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EXCLUSIVE VIDEO: Late Night Gets Jazzy: Meet Stephen Colbert’s New Bandleader, Jon Batiste

Colbert's new band leader Jon Batiste will be performing two spontaneous street concerts, "Love Riots" this week. Find him Monday June 8 at 2pm in Union Square and Tuesday at 6pm at Bedford in Williamsburg. See video here.

“Ah, man,” exhales jazz stud Jon Batiste of a tremendous opportunity he's just earned. “It’s going to be great.” Batiste is months away from starting his new gig as bandleader on CBS’ Late Show with Stephen Colbert, which debuts Tuesday, September 8.

Joy is evident in the 28-year-old Louisiana talent’s voice. “I’m thrilled! This is a match made in heaven. Get ready for a love riot in late night,” said Batiste.”

Known for taking his jaw-dropping music to the streets in his signature “love riots,” Batiste's most recent studio album, Social Music,reached #1 on Billboard’s Jazz Album Chart. He appeared as himself on HBO’s “Treme”and as Da Organist Tk Hazelton in Spike Lee’s “Red Hook Summer.” In 2012,Batiste was appointed the Artistic Director at Large of the National Jazz Museum in Harlem, educating people about the museum and assisting with programming. Named one of ARTINFO’s “30 Under 30” most influential people in the art world,Batiste is a Movado Future Legend Award recipient and is one of the youngest Steinway Performing Artists of all time. Batiste’s first album on a major label will be released in the fall of 2015.


“I have a really great team,” Jon humbly says of how he got the coveted job where he follows Paul Shaffer, who handled the musical heavy lifting on the now retired David Letterman’s Late Night. “They go out and really represent me well. I just focus on the creative and I found great business people to put around me.”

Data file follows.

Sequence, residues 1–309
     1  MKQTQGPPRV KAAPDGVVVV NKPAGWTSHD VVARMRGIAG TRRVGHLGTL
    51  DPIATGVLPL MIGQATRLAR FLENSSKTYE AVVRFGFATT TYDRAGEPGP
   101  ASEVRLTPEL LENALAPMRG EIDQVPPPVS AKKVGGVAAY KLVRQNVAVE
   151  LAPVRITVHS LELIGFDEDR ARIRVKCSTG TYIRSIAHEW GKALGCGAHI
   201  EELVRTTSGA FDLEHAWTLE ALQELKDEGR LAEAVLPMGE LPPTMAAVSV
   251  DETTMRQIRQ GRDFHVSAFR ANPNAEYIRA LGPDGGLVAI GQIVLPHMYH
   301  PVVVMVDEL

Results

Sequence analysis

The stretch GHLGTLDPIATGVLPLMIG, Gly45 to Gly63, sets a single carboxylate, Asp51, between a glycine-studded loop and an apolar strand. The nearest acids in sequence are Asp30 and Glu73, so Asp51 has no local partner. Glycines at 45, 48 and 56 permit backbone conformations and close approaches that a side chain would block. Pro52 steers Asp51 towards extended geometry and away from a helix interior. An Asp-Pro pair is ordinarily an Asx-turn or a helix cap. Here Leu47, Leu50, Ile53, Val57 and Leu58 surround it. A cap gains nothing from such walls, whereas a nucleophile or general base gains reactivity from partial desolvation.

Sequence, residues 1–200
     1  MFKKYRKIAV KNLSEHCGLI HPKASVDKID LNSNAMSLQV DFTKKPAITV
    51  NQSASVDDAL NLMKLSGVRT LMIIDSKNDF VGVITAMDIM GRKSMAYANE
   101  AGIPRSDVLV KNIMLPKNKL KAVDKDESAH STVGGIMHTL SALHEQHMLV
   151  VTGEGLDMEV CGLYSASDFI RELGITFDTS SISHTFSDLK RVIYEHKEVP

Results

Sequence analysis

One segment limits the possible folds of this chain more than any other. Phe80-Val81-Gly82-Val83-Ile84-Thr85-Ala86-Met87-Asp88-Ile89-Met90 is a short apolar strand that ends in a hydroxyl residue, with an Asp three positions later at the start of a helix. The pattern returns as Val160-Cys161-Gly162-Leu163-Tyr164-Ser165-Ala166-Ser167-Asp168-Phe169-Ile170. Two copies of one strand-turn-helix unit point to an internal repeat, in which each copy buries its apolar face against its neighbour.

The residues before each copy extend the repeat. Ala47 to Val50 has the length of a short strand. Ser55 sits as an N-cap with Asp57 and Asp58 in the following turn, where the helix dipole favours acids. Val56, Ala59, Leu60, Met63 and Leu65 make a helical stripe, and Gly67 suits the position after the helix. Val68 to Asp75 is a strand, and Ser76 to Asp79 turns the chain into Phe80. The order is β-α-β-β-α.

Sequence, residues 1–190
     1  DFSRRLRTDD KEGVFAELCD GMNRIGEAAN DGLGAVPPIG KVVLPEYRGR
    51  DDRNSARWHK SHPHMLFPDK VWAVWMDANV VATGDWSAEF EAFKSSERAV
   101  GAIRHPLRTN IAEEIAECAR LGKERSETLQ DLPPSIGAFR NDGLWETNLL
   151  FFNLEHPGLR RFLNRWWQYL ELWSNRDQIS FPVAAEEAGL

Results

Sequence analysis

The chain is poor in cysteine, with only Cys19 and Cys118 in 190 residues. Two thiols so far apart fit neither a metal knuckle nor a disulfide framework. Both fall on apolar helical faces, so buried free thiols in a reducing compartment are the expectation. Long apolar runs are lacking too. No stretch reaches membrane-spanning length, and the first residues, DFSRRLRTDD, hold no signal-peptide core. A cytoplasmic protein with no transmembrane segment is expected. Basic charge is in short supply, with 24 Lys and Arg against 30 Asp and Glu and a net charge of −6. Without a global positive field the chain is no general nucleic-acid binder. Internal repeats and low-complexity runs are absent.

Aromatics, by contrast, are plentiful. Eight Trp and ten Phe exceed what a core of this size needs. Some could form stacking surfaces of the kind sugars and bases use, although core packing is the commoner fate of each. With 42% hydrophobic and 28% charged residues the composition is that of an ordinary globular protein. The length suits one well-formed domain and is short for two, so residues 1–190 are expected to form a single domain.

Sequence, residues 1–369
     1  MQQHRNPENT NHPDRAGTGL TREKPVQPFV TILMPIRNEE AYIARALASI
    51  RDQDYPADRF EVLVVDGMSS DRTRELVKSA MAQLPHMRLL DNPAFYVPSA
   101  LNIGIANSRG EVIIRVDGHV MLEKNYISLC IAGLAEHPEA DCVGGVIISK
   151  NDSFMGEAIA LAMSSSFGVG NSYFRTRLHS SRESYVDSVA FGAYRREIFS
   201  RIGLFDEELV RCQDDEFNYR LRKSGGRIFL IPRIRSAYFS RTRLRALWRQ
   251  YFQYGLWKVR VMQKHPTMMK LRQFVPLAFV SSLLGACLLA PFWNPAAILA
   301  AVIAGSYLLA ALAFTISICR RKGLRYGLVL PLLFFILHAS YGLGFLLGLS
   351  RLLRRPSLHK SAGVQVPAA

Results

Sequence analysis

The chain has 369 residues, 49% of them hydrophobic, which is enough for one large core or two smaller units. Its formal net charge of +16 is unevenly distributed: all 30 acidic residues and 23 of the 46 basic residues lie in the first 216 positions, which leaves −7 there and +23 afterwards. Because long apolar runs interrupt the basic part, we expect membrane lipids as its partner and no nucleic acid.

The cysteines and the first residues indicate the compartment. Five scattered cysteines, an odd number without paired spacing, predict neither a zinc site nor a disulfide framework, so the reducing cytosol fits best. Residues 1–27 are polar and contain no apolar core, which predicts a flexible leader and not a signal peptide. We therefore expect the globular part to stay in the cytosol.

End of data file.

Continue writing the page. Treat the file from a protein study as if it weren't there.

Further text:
Tribeca Film caught up with Batiste recently while he was working on his next album. He pulled an all-nighter, which thankfully included, “some studio naps.” Soon he’ll call New York City home, but his goal amongst others is to further the legacy of local Louisiana legends like Louis Armstrong and Jelly Roll Morton that, “set up a legacy for us to carry forward in our own way in the 21st Century.”

Find out who Batiste will call on for late night music advice, if he has any clue what he’s really going to do on the show and how he landed the role below.

TRIBECA: How did you become Colbert’s band leader?

I was a guest on The Colbert Report twice. And [The Colbert team] was really enthusiastic about them. I could sense that maybe something could happen with us in the future, but nothing was official. Maybe about a month ago, I found out that they were interested in bringing me on for the show. It was a quick turnaround.

TRIBECA: Was it an easy decision to make?

Well, it was one of those things where I was already thinking about where my band would go next and the direction we would take. We’d just gotten off from a nine-month tour supporting my Social Music album. We were all over the world. So I was recalibrating and during my time off, I got the call. Timing just works out like that.

TRIBECA: Being band leader for a late night show is an odd job in that it’s probably not something you were wishing for when you were a child first picking up your instrument and dreaming about the future.